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FAM20A mutations can cause enamel-renal syndrome (ERS).

Wang SK, Aref P, Hu Y, Milkovich RN, Simmer JP, El-Khateeb M, Daggag H, Baqain ZH, Hu JC - PLoS Genet. (2013)

Bottom Line: Enamel-renal syndrome (ERS) is an autosomal recessive disorder characterized by severe enamel hypoplasia, failed tooth eruption, intrapulpal calcifications, enlarged gingiva, and nephrocalcinosis.By characterizing teeth extracted from the family 3 proband, we demonstrated that FAM20A(-/-) molars lacked true enamel, showed extensive crown and root resorption, hypercementosis, and partial replacement of resorbed mineral with bone or coalesced mineral spheres.Supported by the observation of severe ectopic calcifications in the kidneys of Fam20a mice, we conclude that FAM20A, which has a kinase homology domain and localizes to the Golgi, is a putative Golgi kinase that plays a significant role in the regulation of biomineralization processes, and that mutations in FAM20A cause both AIGFS and ERS.

View Article: PubMed Central - PubMed

Affiliation: Department of Biologic and Materials Sciences, University of Michigan School of Dentistry, Ann Arbor, Michigan, USA.

ABSTRACT
Enamel-renal syndrome (ERS) is an autosomal recessive disorder characterized by severe enamel hypoplasia, failed tooth eruption, intrapulpal calcifications, enlarged gingiva, and nephrocalcinosis. Recently, mutations in FAM20A were reported to cause amelogenesis imperfecta and gingival fibromatosis syndrome (AIGFS), which closely resembles ERS except for the renal calcifications. We characterized three families with AIGFS and identified, in each case, recessive FAM20A mutations: family 1 (c.992G>A; g.63853G>A; p.Gly331Asp), family 2 (c.720-2A>G; g.62232A>G; p.Gln241_Arg271del), and family 3 (c.406C>T; g.50213C>T; p.Arg136* and c.1432C>T; g.68284C>T; p.Arg478*). Significantly, a kidney ultrasound of the family 2 proband revealed nephrocalcinosis, revising the diagnosis from AIGFS to ERS. By characterizing teeth extracted from the family 3 proband, we demonstrated that FAM20A(-/-) molars lacked true enamel, showed extensive crown and root resorption, hypercementosis, and partial replacement of resorbed mineral with bone or coalesced mineral spheres. Supported by the observation of severe ectopic calcifications in the kidneys of Fam20a mice, we conclude that FAM20A, which has a kinase homology domain and localizes to the Golgi, is a putative Golgi kinase that plays a significant role in the regulation of biomineralization processes, and that mutations in FAM20A cause both AIGFS and ERS.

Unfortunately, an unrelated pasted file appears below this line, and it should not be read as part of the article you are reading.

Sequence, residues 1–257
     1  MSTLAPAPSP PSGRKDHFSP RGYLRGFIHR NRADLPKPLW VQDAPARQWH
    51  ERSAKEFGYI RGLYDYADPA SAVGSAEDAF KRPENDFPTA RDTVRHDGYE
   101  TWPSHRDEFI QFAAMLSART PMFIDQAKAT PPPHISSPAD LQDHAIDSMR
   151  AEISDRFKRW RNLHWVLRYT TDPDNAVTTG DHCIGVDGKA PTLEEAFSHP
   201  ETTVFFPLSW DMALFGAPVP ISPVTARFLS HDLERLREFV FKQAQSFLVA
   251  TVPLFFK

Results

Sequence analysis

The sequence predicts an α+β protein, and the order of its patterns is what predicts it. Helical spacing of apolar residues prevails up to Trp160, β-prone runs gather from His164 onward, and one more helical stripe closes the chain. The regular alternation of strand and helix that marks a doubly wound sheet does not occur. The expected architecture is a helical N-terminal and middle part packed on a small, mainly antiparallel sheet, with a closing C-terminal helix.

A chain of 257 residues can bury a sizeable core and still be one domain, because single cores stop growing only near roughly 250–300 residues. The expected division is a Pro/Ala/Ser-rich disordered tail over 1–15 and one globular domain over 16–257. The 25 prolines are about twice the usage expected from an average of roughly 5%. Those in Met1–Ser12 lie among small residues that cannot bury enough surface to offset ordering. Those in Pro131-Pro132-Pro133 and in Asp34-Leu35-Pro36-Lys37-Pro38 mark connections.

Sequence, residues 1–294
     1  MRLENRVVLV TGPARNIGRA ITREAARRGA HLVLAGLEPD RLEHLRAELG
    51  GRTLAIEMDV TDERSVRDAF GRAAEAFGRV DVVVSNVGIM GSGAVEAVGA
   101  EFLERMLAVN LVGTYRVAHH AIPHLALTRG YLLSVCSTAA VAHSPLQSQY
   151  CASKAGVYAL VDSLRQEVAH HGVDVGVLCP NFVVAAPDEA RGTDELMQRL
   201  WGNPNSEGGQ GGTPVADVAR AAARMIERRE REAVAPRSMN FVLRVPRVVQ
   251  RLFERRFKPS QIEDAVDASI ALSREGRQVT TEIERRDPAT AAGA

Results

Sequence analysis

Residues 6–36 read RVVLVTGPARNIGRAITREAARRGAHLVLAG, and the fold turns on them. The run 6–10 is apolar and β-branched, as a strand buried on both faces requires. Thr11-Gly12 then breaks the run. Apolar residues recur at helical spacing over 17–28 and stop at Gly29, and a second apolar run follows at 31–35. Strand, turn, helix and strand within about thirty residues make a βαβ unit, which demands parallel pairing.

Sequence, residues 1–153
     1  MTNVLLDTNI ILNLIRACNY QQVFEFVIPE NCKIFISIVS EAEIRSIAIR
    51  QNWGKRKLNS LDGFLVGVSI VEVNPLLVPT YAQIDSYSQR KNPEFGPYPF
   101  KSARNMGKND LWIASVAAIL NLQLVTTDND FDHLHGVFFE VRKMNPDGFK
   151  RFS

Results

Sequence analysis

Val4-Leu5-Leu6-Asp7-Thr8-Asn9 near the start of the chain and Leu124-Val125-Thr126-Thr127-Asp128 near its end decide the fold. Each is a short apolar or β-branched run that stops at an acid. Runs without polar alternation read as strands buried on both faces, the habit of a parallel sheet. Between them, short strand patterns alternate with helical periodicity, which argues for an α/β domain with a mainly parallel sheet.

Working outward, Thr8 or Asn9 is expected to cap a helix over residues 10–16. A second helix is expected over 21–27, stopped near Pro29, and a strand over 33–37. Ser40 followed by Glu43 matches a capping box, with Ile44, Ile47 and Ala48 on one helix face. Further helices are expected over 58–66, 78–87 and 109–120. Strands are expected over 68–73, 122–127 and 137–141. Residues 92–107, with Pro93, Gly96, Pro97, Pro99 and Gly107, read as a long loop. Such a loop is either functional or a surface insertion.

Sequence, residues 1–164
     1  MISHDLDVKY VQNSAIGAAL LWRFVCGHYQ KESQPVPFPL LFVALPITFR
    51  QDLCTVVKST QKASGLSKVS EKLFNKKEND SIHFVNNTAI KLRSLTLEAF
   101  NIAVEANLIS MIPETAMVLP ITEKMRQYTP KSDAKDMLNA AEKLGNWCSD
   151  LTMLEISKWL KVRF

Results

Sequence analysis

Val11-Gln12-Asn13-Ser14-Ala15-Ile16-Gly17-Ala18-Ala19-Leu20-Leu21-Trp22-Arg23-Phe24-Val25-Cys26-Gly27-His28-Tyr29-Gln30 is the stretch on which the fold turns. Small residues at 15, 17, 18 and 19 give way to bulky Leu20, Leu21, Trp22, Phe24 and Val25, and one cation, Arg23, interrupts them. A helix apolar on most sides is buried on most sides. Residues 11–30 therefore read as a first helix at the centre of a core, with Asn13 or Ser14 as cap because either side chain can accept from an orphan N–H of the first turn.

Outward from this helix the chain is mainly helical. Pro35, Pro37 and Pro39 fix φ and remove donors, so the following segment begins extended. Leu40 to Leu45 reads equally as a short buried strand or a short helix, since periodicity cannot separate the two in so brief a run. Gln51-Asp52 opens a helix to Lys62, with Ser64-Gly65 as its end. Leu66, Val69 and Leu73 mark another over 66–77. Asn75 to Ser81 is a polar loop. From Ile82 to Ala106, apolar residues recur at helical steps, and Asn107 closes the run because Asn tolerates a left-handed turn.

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Related in: MedlinePlus

Backscatter Scanning Electron Micrographs (bSEMs) of molar (#32).A: The bSEM of molar after it was cut sagitally (mesial-distally). B: Rough “enamel” (e) covering sclerotic dentin. C: Acellular cementum covering sclerotic root dentin. D–E: Highly mineralized pulp or radicular calcifications (pc) comprised of coalesced spheres above the root furcation and associated with a less mineralized material that contacts dentin (d). F: The radicular area appears to be comprised entirely of acellular cementum (ac) or lamellar bone from the furcation to the highly mineralized coalesced spheres. G: Root dentin covered with a thick layer of acellular cementum (ac) or bone. A thin line of more highly mineralized material, possibly cementum (c), separates these layers. H: The material covering root dentin is deposited in layers and sometimes fills in areas of localized root resorption.
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pgen-1003302-g011: Backscatter Scanning Electron Micrographs (bSEMs) of molar (#32).A: The bSEM of molar after it was cut sagitally (mesial-distally). B: Rough “enamel” (e) covering sclerotic dentin. C: Acellular cementum covering sclerotic root dentin. D–E: Highly mineralized pulp or radicular calcifications (pc) comprised of coalesced spheres above the root furcation and associated with a less mineralized material that contacts dentin (d). F: The radicular area appears to be comprised entirely of acellular cementum (ac) or lamellar bone from the furcation to the highly mineralized coalesced spheres. G: Root dentin covered with a thick layer of acellular cementum (ac) or bone. A thin line of more highly mineralized material, possibly cementum (c), separates these layers. H: The material covering root dentin is deposited in layers and sometimes fills in areas of localized root resorption.

Mentions: An unerupted third molar (#32) was also characterized by bSEM and showed a somewhat different pattern of pathological resorption and mineralization (Figure 11). The “enamel” layer was very thin, rough, and discontinuous. It was more highly mineralized than dentin in most places, and appeared to have coalesced from multiple mineral foci. The dentin had well-organized dentinal tubules. The pulp was partially calcified. Besides major resorption of dentin from part of the root surface, the bulk of the pathology was in the furcation area, which included a large hypermineralized region of coalesced calcospherites surrounded by lamellar bone that extended coronally to the pulp and apically beyond the furcation so that the bone-like material seems to have entirely replaced the dentin at the furcation but retained the original morphology of the furcation.